So many were lost. Nobody could possibly mark them all. But Bob Quinn was going to try.
Day after day, he clipped obits and articles and photographs, filling scrapbooks with the names and faces of the dead: Jeff Taylor Abbott of Somerville, gone at 37; journalist Chris Adams, 43; Boston banker Michael Marseglia, 43; Systems analyst Stephen Quimby, 45. They were cut down by the tens of thousands, as AIDS tore through gay communities, and others.
It’s hard to imagine that time now, before gay marriage and equal rights and protease inhibitors. But for almost two decades, there was panic, resignation, shame, and devastating loss. During the 1980s and 1990s, it seemed like everybody knew somebody who was already gone, or soon would be.
Quinn could never keep up with all of them. But he didn’t want them to be forgotten. He raced to collect them, starting in 1983. Death was coming for him, too. Would anyone remember him?
“You couldn’t forget him,” said John Podolske, who met Quinn in 1992, when Quinn was a patient at the Hospice at Mission Hill, where hundreds who had contracted HIV/AIDS spent their final days at the height of the epidemic. “You don’t meet anybody like Bob.”
After throwing one last Christmas party (it was July, and a friend had to go north to cut down a tree), Quinn moved into the hospice with his scrapbooks, his dozens of commemorative plates (he was partial to ducks), and his dizzying trove of tchotchkes. He proceeded to light the place up.
“He was hysterical,” said David Begley, a lawyer who became friends with Quinn through the buddy program at The AIDS Action Committee. “And he was a wise-ass. He kept people happy, and distracted from dying.”
He wasn’t looking forward to death, Begley said. “But if he was going to die . . . he was going to do it on his own terms.”
Quinn loved the attention he got at the hospice, but he was less crazy about the rules, especially after the death that seemed so imminent failed to arrive. Sometimes he just wanted a cigarette, or a drink. One day, annoyed that he could have neither, Quinn jumped out a first-floor window and took off to New York for a few days. When he returned, he was deemed to be not quite as close to death as previously believed and was asked to leave.
There were many reprieves like that, said Begley. He’d get calls from the hospital asking him to rush over, because Quinn was rigid and unresponsive. He was always up hours later, asking for a cigarette.
Every time doctors changed Quinn’s medication, he’d nose-dive, Podolske said. But after a night in the hospital, he usually came good. He believes new medications — antriretroviral therapy revolutionized treatment for HIV/AIDS in 1995 — slowed the progression of Quinn’s illness.
So, every year, Quinn held one more very last Christmas party. He’d deck out his apartment by Symphony Hall, and fill tables with party food he’d buy using the coupons he clipped compulsively. He’d dress in some crazy costume — usually in drag — and wrap little gifts for everyone in the family he’d collected around himself. (He was estranged from his siblings in New York for many years, though they eventually reconnected.)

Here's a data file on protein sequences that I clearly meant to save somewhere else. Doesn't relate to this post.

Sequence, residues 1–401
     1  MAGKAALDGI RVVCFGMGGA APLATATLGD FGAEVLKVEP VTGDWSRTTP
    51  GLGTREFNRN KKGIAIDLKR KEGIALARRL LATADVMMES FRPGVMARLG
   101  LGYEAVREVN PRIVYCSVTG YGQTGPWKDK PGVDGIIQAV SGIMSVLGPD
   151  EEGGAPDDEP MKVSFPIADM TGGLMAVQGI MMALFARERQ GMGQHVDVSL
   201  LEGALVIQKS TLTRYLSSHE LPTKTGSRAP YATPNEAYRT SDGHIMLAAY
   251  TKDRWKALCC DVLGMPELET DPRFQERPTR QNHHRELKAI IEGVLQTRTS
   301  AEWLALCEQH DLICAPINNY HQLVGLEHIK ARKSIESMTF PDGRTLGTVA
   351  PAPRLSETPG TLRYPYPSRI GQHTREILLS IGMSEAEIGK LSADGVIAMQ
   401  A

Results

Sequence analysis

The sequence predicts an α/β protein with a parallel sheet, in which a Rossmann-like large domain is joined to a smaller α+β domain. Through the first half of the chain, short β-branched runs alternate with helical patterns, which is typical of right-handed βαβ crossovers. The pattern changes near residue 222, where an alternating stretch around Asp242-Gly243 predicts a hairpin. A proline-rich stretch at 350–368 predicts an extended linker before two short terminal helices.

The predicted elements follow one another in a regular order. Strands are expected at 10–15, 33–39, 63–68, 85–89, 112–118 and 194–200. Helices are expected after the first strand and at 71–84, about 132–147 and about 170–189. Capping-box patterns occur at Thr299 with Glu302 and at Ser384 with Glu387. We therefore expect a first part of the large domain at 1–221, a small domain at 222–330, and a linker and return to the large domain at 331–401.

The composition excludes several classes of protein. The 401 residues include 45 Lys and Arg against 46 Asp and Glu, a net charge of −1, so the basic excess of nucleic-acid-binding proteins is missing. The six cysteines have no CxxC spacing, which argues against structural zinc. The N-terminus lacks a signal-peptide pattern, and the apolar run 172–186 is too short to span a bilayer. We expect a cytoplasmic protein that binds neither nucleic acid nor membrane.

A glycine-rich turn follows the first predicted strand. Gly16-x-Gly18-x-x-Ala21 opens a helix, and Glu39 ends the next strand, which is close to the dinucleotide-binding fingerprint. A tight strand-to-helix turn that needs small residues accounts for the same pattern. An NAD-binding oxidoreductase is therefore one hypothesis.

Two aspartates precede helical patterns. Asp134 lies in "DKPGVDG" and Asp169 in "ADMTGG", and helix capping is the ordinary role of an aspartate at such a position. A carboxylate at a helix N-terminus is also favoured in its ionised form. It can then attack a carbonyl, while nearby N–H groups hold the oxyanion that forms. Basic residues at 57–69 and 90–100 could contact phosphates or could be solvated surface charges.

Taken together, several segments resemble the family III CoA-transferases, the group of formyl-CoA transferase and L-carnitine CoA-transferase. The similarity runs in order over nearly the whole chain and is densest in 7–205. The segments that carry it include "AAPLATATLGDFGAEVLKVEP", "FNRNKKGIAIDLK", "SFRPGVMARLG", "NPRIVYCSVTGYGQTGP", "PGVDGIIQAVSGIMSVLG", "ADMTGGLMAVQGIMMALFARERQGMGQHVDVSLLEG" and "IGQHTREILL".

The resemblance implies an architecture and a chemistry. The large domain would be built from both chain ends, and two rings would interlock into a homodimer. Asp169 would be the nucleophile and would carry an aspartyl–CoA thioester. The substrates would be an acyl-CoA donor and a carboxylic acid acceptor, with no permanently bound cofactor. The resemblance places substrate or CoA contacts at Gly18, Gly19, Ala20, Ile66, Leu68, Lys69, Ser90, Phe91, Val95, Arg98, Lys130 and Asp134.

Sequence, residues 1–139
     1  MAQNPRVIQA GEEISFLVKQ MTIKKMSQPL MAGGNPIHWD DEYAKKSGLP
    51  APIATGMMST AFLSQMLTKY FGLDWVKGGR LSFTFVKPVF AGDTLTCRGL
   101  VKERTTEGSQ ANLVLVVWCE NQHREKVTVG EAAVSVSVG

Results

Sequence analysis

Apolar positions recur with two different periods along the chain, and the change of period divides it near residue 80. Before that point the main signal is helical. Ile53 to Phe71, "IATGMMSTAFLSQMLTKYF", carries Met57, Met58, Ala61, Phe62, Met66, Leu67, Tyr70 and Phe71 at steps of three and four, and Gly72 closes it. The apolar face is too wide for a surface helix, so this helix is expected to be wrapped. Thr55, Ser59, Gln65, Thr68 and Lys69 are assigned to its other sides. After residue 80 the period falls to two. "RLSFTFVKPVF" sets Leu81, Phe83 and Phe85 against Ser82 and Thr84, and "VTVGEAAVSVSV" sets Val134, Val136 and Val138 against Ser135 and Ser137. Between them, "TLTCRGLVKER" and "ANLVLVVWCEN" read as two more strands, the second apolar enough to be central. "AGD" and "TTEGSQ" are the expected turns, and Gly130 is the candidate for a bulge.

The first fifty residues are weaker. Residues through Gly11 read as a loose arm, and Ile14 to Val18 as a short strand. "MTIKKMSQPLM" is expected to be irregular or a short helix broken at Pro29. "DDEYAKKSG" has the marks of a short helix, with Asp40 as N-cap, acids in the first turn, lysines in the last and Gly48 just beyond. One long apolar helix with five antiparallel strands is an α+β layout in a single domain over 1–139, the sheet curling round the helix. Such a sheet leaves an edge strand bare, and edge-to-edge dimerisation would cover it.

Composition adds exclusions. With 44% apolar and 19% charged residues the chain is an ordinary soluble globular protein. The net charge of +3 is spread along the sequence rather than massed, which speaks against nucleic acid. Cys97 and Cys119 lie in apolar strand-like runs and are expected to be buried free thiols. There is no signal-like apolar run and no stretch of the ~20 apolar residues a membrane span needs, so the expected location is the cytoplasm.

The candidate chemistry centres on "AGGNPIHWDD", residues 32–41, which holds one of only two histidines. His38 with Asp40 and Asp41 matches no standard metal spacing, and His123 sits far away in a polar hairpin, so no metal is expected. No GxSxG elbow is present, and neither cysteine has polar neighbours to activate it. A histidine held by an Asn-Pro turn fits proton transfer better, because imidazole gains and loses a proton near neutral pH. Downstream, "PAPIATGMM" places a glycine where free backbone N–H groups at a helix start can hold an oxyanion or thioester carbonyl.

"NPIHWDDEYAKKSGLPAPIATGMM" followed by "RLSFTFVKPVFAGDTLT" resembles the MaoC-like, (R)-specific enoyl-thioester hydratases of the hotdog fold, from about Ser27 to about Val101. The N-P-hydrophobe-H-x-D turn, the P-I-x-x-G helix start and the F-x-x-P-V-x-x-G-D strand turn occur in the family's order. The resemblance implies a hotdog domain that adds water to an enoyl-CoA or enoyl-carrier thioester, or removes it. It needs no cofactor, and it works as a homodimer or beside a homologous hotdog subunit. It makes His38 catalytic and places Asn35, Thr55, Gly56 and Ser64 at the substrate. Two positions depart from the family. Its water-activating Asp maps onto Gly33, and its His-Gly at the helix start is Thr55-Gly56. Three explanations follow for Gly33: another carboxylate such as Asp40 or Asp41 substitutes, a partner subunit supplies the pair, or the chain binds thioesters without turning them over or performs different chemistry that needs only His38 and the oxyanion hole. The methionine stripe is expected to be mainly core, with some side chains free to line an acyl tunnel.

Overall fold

Between Christmases, the former seminarian attended Mass at St. Cecilia’s every Sunday. When he was weak, he rode up Mass. Ave. in his motorized chair, its rainbow flag flapping behind him. Quinn delighted and maddened his friends. He demanded way too much, and it was hard to say no to him. Podolske’s partner sometimes grew frustrated that Quinn was taking up so much of his time. And he could be difficult.
“Sometimes he would get mad at people and force them out of his life,” Podolske said. “He tried to get angry with me a few times, but it didn’t work. He was a complicated guy, but he was a good guy.”
All the while, Quinn collected the dead, clipping newspapers and filling pages.
He had completed six scrapbooks when photographer Elsa Dorfman photographed him in 1994, as part of a project on the AIDS crisis.
“It was such an emotional day,” Dorfman recalled. “Everybody lost people. The pages I photographed were of people I had known. It’s hard to convey now how scary it was.”
Twenty-six scrapbooks and nine final Christmas parties later, on Jan. 19, 2002, Robert John Quinn finally succumbed to his illness. He had just turned 50. Just before sunrise, Podolske held Quinn’s hand as his breathing slowed, then stopped.
“I think he was finally ready to let go,” he said.
Quinn’s death notice made no mention of his illness. At that time, 40 million people worldwide were living with HIV, 5 million of them newly infected in 2001, and 3 million people died from the disease. Today, about 36 million people worldwide live with HIV, with just under 2 million new infections each year, and 1 million AIDS-related deaths.
Quinn had had plenty of time to plan for his death. He compiled a long list of who was to get what, down to every last commemorative plate. He wanted his ashes scattered on the grave of a man he’d loved.
And his scrapbooks — filled with some 7,500 obits — found their way to The History Project, a volunteer organization that preserves the history of Boston’s LGBTQ community. There, they’ve stunned younger activists too young to recall the desolation that once seemed unstoppable.
“I didn’t experience that devastating loss,” said Andrew Elder, who co-leads the project, and was born in 1980. “These books give you a sense of the magnitude of what was going on.”
Over the past 18 months, volunteers have gone through Quinn’s scrapbooks, page by page, digitizing the clippings and preserving the originals. All 26 volumes have just been made available online. They’re called Robert John Quinn’s Memorial Books.
But they’re missing an important entry, marking one more life that should never be forgotten.
Here it is.Globe librarian Jeremiah Manion contributed to this story. Globe columnist Yvonne Abraham can be reached at yvonne.abraham
@globe.com. Follow her on Twitter @GlobeAbraham.